It’s easier to enjoy a play if your teeth aren’t chattering. Late September and early October in the outdoor theater can be chilly so come prepared. There are blankets for rent, but one time when I knew it was going to be cold I brought my sleeping bag and was as cozy as the proverbial bug in a rug.
- Lithia Park
Taking in all this theater involves a lot of sitting. The Bowmer and Elizabethan theaters sit on the edge of Lithia Park, a great place for a stroll and stretch of the legs. The park includes a rose garden, a play ground, a running/hiking trail, a Japanese garden, an orchard, tennis courts and several ponds with ducks, swans and turtles. There are also plenty of grassy areas suitable for afternoon naps.
Getting There is Half the Fun
Well, almost. Admittedly, Interstate 5 is a pretty boring, but therefore easy, drive. Even if you have an iron bladder, you’ll need to stop once or twice along the way. A good place is at the K-R Drive In at Rice Hill (exit 148). I’m not recommending it for its bathroom facilities- in fact, I think it’s a port-o-potty. But the unpleasantness of using a honeypot is more than compensated for by the Umpqua ice cream which they dish out in extremely (this is a warning) generous portions. Taste worthy of burning through a whole box of Lactaid.
If you’re not pressed for time take a detour and go to Crater Lake National Park, especially if you haven’t been there before. Your first view of Crater Lake will be a moment you’ll never forget, but that’s a story for another post. The road is often closed due to snow from early fall to late spring, so check the conditions beforehand.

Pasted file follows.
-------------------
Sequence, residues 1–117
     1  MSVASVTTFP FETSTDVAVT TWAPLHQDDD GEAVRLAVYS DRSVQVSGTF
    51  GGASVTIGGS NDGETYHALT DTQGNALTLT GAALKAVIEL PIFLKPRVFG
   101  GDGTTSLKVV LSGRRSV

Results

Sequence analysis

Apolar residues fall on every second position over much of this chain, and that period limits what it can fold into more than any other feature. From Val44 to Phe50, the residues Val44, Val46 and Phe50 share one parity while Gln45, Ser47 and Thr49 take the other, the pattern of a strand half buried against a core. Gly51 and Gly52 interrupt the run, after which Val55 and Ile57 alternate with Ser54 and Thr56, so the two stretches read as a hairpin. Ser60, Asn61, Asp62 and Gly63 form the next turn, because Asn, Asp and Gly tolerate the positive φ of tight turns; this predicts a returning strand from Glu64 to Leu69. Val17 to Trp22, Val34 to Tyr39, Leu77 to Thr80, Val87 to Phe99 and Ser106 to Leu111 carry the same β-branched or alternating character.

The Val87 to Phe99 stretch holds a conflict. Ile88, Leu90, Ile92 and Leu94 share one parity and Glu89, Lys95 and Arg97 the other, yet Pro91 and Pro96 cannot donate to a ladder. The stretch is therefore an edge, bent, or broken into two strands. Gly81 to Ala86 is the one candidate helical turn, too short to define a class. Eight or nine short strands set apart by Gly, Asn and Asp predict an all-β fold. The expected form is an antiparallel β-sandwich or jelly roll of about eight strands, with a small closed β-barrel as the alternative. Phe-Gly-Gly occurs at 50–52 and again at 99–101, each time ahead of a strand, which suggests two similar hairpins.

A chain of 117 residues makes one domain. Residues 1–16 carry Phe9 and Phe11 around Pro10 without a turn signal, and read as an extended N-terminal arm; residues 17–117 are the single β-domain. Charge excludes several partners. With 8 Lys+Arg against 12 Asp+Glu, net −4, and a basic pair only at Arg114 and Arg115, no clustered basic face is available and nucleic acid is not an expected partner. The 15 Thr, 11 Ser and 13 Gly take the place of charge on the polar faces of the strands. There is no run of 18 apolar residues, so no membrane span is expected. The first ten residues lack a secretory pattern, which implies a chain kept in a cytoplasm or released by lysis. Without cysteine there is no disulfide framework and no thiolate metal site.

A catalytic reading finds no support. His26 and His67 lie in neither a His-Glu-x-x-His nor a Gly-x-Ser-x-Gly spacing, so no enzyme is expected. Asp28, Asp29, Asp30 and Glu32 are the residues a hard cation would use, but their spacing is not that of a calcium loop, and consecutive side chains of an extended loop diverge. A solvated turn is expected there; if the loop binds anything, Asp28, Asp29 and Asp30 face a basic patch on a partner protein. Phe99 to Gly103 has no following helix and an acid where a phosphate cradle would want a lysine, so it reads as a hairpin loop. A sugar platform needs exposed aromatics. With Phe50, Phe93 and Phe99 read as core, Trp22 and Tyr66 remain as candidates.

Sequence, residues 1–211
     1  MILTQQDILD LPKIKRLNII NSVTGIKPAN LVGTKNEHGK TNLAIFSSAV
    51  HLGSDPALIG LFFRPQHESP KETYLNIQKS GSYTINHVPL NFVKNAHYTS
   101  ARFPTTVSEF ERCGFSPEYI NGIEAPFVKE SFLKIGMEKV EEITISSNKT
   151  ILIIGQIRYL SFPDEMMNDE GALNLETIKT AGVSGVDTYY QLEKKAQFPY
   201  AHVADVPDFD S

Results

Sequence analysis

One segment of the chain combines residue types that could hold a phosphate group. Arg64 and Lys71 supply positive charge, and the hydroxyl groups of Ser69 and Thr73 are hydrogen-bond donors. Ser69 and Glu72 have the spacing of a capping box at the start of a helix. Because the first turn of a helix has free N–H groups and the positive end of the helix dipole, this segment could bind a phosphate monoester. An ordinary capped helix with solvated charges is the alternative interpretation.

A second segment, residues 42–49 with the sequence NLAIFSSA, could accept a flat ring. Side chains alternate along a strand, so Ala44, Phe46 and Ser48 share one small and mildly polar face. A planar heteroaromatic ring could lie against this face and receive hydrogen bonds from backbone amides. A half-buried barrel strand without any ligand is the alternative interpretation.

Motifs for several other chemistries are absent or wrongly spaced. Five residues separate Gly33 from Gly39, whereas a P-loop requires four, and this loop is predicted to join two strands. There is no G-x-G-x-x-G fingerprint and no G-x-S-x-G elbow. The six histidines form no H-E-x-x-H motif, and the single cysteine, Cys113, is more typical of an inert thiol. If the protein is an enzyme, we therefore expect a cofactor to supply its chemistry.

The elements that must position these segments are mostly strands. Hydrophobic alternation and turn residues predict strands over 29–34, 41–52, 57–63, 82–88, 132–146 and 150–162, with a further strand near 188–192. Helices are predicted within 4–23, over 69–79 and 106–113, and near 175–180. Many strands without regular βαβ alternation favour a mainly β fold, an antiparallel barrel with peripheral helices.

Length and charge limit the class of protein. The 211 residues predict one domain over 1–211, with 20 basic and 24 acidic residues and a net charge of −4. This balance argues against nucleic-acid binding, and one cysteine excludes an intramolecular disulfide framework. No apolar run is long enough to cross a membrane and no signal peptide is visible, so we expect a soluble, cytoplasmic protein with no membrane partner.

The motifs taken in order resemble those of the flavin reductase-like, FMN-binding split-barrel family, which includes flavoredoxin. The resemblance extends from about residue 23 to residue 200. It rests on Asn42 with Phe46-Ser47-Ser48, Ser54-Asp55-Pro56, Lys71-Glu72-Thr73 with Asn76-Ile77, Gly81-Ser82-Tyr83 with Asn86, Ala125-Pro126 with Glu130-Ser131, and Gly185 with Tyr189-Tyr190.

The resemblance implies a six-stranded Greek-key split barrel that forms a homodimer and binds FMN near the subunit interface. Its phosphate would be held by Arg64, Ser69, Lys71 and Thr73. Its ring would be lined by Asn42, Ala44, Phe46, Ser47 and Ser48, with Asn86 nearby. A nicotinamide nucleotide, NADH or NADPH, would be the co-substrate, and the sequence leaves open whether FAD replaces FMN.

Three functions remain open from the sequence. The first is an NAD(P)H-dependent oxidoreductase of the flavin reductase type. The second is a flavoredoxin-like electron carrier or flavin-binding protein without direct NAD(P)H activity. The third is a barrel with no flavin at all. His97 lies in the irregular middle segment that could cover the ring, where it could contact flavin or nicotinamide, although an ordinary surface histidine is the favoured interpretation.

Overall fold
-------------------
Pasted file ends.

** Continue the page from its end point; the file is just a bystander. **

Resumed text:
Make the return trip more interesting by following 66 east to Klamath Falls. From there you can get on Highway 97 and make your way north on the eastern side of the mountains. Cross back over to I5 whenever you feel inclined. I like to take Highway 58 which passes through Oakridge and comes out near Eugene.
Nearcations Blog Carnival
Well, ” Our revels now are ended… We are such stuff
As dreams are made on, and our little life
Is rounded with a sleep.” (William Shakespeare. From The Tempest, Act 4 Scene 1)
However, if you’re still reveling check out some of the sites listed below – great as “nearcations” or stand-alone travel destinations:
Jim of AroundtheWorldinEightyYears.com
My kids aren’t quite turned on by the image I hold of myself as an intrepid Saharan explorer. So we load our little tent, sleeping bags and some coolers of food and drink into the car and hustle a quick two hours north on Highway 522 from our home in Taos, New Mexico, into Colorado and to the 85,000-acre Sand Dunes National Park and Preserve.